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After the Election: A Thousand Points of Data

A Thousand Points of Data

Irina Raicu

A week after the election (in which about 42% of eligible voters didn’t vote), some people who voted for Donald Trump are upset. They ask their fellow citizens not to insult them by calling them “racist” or “bigot.” They remind their fellow citizens that generalizations are often incorrect when applied to individuals. At the same time, some people who opposed Donald Trump’s candidacy point out that Trump himself made insulting generalizations about Muslims, Mexican immigrants, and other groups —yet their fellow citizens voted for him. Those Trump opponents answer with a kind of corollary to the Golden Rule: “If you accept the doing unto others of that which you would not like to have done onto you, don’t be surprised when those others respond in kind.”

But the various groups are united by one sentiment: They say that they should not be defined by a single data point (that they voted for Trump, for example; or that they are Muslim; or that they are gay; etc.). Yet, in the wake of the election, dozens of analyses have been written, trying to make meaning out of data by splitting the electorate, looking, precisely, at single data points: how women voted, versus how men did; black versus non-black; college-educated v. non-college-educated; evangelical v. Catholic; married v. unmarried; younger v. older.

When it comes to complex truths about complex issues in multifaceted societies, data can become “factiness” and muddle—rather than clarify—the complex truth. As sociologist Nathan Jurgenson wrote in a recent blog post coining the term, “factiness is obsessing over and covering ourselves in fact after fact while still missing bigger truths.” If you are, say, a non-college-educated second-generation Mexican-American married to a Muslim woman who is opposed to abortion rights, how did you vote, and for what reason(s)? And were you influenced by Clinton? Comey? Social media filter bubbles? Party affiliation? Fake news? Your health care costs? All of those?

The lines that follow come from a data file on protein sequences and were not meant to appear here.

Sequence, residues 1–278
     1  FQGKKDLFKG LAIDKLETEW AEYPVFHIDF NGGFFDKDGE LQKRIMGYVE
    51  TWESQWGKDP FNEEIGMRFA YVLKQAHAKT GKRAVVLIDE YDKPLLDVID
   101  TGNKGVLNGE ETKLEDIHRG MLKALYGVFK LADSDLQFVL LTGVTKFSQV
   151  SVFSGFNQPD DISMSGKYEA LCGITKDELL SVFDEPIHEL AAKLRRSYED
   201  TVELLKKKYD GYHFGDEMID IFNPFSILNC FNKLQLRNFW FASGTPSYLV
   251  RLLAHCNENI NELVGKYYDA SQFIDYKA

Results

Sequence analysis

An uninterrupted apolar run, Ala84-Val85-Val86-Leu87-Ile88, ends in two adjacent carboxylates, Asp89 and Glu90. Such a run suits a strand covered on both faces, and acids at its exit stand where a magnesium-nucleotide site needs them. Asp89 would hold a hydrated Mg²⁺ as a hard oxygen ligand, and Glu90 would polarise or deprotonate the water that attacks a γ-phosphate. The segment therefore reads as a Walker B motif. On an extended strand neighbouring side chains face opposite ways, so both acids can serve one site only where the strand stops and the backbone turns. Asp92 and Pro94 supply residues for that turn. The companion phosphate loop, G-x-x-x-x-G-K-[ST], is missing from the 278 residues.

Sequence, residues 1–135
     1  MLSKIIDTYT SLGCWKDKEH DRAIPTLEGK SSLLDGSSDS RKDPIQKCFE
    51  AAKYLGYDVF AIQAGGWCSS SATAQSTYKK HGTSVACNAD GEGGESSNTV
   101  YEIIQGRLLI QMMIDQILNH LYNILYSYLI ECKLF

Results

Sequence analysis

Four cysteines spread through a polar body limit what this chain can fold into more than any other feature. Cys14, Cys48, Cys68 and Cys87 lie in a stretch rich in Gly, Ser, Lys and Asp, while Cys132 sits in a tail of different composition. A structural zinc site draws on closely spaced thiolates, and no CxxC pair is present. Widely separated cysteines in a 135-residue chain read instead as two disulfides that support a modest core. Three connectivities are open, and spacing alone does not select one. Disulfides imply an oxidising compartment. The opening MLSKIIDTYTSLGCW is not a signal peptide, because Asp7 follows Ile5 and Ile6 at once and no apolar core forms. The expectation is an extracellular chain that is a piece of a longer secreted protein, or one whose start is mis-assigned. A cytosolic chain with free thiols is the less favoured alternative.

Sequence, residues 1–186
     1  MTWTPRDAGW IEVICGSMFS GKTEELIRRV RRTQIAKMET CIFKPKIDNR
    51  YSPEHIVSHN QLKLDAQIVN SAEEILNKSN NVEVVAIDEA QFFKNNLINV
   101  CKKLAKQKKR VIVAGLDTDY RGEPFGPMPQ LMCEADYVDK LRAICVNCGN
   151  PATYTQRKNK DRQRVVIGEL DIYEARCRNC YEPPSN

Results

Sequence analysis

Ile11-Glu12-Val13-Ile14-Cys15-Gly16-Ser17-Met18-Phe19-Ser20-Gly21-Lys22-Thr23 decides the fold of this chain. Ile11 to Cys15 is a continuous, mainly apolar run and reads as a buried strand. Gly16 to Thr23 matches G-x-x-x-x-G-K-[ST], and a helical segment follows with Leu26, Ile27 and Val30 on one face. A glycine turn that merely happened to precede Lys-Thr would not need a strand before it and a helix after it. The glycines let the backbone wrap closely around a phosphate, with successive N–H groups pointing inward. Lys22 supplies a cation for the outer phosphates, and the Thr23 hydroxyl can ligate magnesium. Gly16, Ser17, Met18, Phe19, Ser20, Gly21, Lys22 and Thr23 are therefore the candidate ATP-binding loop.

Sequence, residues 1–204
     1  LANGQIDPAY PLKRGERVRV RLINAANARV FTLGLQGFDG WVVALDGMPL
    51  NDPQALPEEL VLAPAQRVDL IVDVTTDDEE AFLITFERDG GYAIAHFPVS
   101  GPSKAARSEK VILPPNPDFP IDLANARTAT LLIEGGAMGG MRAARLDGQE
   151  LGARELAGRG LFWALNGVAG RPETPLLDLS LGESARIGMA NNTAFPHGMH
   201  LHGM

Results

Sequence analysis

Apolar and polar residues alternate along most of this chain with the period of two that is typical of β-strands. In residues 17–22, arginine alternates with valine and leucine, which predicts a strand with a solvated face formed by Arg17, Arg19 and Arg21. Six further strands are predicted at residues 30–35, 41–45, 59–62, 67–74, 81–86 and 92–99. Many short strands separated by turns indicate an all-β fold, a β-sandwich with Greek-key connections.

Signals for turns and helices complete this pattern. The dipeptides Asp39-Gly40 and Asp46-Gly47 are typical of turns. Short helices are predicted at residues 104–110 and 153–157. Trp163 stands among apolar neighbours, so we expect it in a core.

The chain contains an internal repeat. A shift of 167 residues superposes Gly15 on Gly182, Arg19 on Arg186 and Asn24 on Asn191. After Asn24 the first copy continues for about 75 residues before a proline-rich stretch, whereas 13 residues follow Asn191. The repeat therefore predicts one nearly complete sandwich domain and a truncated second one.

We woke up last Wednesday morning and rubbed our eyes, looking out at our fellow citizens, trying to find out more about them and their vote. The internet was supposed to have helped tell us. Back in its early days, people were excited about the fact that the internet allowed them to reach out across great distances, communicate (cheaply, quickly, and easily) with people very different from themselves, and find and join like-minded online communities… Pause on that last one for a second: “like-minded communities.”

Then came the effort to “personalize” the information that we got online—both in the media and in the searches that we ran. Do you read something with a particular political slant? We’ll give you more of the same! Do you read about a particular issue? We’ll show you more on that. You might become fixated on that one issue and miss many others that might be important to your fellow Americans, but hey, you were interested!

We are a tapestry of complex people facing complex issues, yet somehow it was decided that if you’re a green thread you should only be shown the green threads, if you’re a purple only be shown the purple—missing the bigger picture, and missing the extremely intricate ways in which we are interwoven with all the other strands. The post-election analyses are still pulling at the threads.

Get rid of the personalization. Demand to be shown the whole picture. Draw strength from “like-minded communities,” but then come out of them to talk to others who are (as Maya Angelou put it) unalike. And speak out, online and off, when any of us are being labeled on the basis of a single data point. Push back against bigotry, counter misinformation, and fight “factiness,” too.

 

Photo by Hugh Grew, used without modification under a Creative Commons license.

Nov 17, 2016

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